In Crews, supra, 445 U.S. 463, 100 S.Ct. 1244, 63 L.Ed.2d 537, three women were accosted and robbed in a restroom on the grounds of the Washington Monument during the first few days of January, 1974.   Descriptions given by all three were similar.   On January 9, 1974, an officer watching for the assailant detained the defendant and then took him to the police station, purportedly on a truancy charge, but in fact to question and photograph him in connection with the assault investigation.   The Crews court concluded that the illegal conduct leading to the photograph identifications did not require suppression of in-court identification by the victim whose testimony resulted in a conviction.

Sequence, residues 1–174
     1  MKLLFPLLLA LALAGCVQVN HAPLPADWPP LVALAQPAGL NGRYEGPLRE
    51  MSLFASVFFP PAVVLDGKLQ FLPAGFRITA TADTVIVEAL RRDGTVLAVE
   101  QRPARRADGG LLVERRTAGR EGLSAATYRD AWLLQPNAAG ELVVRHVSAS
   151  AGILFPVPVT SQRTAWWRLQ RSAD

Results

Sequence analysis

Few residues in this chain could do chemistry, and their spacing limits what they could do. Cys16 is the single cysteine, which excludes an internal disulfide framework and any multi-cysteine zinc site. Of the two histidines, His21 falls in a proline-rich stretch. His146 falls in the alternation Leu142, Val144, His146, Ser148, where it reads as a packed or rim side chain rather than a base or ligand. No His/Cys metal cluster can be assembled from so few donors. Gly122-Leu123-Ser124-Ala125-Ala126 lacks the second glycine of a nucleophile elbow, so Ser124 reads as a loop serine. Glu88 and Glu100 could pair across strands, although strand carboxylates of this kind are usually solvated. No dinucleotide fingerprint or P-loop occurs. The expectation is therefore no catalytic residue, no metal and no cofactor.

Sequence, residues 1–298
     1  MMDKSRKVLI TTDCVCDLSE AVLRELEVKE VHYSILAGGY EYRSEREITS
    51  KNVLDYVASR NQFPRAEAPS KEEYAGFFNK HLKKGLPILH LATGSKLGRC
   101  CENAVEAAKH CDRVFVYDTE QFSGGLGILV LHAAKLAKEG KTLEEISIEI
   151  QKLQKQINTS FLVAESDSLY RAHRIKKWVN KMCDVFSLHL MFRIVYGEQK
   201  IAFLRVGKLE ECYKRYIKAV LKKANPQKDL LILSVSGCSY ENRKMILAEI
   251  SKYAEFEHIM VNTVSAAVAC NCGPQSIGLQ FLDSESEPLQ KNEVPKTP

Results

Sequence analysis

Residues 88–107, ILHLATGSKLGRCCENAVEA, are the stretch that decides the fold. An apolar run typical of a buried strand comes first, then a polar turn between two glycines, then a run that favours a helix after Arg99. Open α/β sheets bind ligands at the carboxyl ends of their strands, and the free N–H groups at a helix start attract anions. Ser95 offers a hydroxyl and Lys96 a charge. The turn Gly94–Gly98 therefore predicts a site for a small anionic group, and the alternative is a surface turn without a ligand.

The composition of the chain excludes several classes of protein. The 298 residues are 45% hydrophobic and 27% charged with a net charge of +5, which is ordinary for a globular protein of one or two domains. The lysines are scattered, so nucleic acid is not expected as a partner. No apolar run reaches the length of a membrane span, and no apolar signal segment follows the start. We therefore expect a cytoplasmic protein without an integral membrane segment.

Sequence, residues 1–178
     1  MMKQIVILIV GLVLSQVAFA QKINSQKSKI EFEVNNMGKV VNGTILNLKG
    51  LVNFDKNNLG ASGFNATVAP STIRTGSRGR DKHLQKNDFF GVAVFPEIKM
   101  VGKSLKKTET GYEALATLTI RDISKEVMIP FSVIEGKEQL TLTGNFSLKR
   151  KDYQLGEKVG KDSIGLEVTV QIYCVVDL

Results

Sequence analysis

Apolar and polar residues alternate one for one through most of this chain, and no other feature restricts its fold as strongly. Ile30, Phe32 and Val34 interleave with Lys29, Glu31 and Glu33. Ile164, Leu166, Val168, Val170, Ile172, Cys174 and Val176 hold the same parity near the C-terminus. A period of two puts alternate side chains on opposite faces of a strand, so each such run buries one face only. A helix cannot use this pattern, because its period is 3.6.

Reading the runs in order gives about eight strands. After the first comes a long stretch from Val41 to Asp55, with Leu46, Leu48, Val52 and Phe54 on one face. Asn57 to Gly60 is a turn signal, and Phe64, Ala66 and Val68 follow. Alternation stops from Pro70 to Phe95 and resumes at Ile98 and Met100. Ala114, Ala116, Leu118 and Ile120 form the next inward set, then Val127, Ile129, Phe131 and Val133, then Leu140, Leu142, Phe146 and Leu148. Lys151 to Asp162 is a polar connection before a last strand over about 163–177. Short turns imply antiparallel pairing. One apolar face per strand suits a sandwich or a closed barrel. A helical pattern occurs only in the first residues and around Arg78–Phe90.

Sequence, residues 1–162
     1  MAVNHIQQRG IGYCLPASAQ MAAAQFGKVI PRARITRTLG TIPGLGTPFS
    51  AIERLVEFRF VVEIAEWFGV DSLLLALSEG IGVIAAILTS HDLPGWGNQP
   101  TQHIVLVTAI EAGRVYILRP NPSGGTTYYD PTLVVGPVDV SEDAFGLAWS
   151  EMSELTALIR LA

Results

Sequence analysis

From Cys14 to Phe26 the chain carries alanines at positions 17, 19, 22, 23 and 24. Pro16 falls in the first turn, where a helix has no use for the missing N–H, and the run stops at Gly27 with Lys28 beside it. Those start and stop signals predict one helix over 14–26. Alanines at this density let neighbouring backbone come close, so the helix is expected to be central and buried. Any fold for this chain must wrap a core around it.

The Crews court analyzed three distinct elements of the victim's in-court identification:  (1) the victim's presence at trial;  (2) the victim's ability to reconstruct the event and identify the defendant from observations of the crime;  and (3) the defendant's presence in the courtroom for purposes of comparison.   The court concluded that none of the three elements was “come at” by exploitation of the illegality.   The victim's presence in court was the product of her report and description of the assailant;  her identity was known long before the official misconduct.   Her ability to give accurate testimony was based upon observations at the scene, not upon the photographic identification.   And as for the defendant's presence at trial, the defendant himself is not a suppressible fruit;  an illegal arrest, without more, has never been viewed as a bar to subsequent prosecution.  (United States v. Crews, supra, 445 U.S. at pp. 471–474, 100 S.Ct. at pp. 1249–1251.)